Purdue Homeland Security Institute Simulation Shows That Armed Citizens Are The Best Option Against Active Shooters & Terrorists

The Purdue Homeland Security Institute has developed simulation technology to determine what the best course of action is when dealing with an active shooter situation.

The conclusion: Armed citizens.

For the last five years, Adam Kirby has been working on this technology and sat in horror as he watched the events unfold in Paris last week. He noted that as he was watching TV, he had a strong feeling that more people were being killed and that they couldn’t do much to save themselves.

During the attack at the concert hall, for example, it took police a full 140 minutes to act. Granted the situation was extremely difficult and had to be approached with caution, it doesn’t negate the fact that an incredible amount of time lapsed before action was ultimately taken.

“My research has shown that in a typical shooting situation, one person is shot roughly every 20 seconds,” explained Kirby. “And in 140 minutes, that leaves a lot of room for a lot of people to get shot.”

With the simulation technology, Kirby can adjust factors such as police response time, the probability of concealed carriers being in the mix, and whether or not armed security would be at the location.

The conclusion is that if more individuals are armed, who find themselves in a situation like this, then less casualties can be expected. It is noted that the same holds true for faster police response times and the addition of security guards.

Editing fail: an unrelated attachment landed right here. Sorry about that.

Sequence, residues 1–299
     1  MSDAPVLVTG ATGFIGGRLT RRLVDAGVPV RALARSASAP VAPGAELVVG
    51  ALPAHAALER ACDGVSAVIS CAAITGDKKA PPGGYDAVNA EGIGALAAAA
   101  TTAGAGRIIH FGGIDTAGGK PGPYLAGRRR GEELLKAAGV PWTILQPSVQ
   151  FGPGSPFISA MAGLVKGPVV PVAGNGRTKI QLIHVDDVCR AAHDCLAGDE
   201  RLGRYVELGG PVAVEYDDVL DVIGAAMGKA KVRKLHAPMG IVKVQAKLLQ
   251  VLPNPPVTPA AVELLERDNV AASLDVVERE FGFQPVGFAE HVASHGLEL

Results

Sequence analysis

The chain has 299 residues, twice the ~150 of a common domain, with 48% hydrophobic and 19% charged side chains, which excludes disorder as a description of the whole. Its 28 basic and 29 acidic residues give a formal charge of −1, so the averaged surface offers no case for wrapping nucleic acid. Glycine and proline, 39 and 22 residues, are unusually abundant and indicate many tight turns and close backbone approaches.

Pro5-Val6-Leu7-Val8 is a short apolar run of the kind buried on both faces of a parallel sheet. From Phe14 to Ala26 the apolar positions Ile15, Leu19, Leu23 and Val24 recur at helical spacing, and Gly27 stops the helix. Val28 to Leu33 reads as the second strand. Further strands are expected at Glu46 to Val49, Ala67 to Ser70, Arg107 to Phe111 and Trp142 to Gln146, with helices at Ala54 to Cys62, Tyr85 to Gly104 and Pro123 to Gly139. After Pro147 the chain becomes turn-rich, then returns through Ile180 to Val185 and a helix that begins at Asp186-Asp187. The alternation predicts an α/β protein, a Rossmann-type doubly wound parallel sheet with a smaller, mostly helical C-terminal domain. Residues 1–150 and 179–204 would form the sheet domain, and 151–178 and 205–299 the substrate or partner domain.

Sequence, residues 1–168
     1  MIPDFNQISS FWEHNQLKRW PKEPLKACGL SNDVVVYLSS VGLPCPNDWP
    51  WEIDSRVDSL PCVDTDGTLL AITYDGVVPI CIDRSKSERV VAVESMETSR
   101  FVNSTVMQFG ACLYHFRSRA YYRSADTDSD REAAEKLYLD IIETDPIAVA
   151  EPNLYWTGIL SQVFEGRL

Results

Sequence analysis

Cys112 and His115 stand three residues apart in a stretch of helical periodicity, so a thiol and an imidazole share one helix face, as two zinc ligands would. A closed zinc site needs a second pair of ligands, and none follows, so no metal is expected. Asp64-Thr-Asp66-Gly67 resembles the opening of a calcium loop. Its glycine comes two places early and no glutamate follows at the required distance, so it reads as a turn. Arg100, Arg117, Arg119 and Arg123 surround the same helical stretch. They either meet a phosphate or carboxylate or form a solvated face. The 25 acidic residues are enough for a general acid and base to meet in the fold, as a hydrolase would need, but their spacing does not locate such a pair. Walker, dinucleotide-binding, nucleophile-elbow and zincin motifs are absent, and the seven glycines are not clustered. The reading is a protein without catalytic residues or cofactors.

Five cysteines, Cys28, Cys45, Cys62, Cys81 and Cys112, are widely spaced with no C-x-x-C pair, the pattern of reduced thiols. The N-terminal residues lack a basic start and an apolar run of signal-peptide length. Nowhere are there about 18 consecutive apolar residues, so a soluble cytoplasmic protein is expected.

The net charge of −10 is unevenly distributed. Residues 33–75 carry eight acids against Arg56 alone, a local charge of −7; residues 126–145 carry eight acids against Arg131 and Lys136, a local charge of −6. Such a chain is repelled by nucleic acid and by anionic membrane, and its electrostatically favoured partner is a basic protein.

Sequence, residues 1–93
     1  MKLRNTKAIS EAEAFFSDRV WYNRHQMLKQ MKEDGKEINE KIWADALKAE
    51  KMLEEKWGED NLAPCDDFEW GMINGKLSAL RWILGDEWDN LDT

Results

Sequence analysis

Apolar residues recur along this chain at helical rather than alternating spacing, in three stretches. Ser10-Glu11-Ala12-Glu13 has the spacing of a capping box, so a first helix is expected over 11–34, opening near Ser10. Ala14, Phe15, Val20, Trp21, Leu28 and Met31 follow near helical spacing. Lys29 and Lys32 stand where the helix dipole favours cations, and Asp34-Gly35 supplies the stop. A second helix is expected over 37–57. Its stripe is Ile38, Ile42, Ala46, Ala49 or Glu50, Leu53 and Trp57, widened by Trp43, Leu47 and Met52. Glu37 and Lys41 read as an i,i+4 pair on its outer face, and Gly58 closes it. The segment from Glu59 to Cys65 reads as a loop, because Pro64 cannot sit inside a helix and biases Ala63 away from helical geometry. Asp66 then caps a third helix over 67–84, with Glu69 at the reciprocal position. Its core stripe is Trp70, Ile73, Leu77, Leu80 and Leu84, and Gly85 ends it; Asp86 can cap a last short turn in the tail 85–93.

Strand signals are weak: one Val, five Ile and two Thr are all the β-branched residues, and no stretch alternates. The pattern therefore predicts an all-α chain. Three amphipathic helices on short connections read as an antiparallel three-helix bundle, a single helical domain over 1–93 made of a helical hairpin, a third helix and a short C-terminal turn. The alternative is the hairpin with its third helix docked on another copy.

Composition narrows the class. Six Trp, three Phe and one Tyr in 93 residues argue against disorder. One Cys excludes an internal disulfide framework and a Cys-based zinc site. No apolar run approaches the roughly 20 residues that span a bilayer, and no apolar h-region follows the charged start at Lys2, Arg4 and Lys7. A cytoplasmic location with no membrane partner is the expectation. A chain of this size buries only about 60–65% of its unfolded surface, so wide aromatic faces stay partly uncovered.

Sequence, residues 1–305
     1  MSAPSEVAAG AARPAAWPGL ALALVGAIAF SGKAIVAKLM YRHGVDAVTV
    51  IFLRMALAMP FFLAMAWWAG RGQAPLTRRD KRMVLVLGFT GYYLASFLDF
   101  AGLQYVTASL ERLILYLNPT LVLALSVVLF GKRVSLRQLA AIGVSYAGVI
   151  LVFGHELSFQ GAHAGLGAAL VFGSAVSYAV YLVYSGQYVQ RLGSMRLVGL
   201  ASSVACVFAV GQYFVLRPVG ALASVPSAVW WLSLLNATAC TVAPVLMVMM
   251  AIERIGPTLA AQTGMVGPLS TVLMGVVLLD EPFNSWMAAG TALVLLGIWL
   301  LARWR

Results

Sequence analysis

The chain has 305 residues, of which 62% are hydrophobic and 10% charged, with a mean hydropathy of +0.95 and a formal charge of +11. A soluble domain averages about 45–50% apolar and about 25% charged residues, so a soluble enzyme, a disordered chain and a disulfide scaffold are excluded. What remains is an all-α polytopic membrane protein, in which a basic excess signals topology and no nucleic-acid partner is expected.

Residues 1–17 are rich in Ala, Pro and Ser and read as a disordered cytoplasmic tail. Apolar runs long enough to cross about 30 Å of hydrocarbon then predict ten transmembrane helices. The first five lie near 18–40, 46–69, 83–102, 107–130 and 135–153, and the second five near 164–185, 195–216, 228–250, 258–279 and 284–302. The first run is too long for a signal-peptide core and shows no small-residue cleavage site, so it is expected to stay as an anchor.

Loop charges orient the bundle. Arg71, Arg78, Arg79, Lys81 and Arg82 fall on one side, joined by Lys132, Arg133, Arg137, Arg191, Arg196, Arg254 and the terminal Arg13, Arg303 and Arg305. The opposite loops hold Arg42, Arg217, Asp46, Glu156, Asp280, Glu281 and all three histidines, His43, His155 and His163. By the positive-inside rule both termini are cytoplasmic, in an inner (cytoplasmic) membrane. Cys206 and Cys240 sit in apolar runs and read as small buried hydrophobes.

The ultimate takeaway of this seems to be this: when firearms are added to the equation, whether they are added by police or armed citizens, casualties would likely be decreased.

And given the fact that any armed citizen would likely be the first to respond –since they’re already at the location– the best conclusion in my eyes is to have more armed citizens who know how to use their firearms.

Kirby plans to use the technology to run a simulation for the recent attacks in Paris once all the variables are determined.

“Once this is all settled down, we can actually look at the numbers, and learn from what happened,” said Kirby “And hopefully try and make some policy decisions, which is what we are trying to do with our research here at the Purdue Homeland Security Institute.”

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